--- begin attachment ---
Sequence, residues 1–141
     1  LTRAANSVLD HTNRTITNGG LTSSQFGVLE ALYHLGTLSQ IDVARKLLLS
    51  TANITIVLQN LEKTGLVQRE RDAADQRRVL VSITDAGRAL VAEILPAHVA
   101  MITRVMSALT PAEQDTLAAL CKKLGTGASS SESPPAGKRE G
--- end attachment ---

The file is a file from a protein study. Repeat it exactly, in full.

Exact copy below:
Sequence, residues 1–141
     1  LTRAANSVLD HTNRTITNGG LTSSQFGVLE ALYHLGTLSQ IDVARKLLLS
    51  TANITIVLQN LEKTGLVQRE RDAADQRRVL VSITDAGRAL VAEILPAHVA
   101  MITRVMSALT PAEQDTLAAL CKKLGTGASS SESPPAGKRE G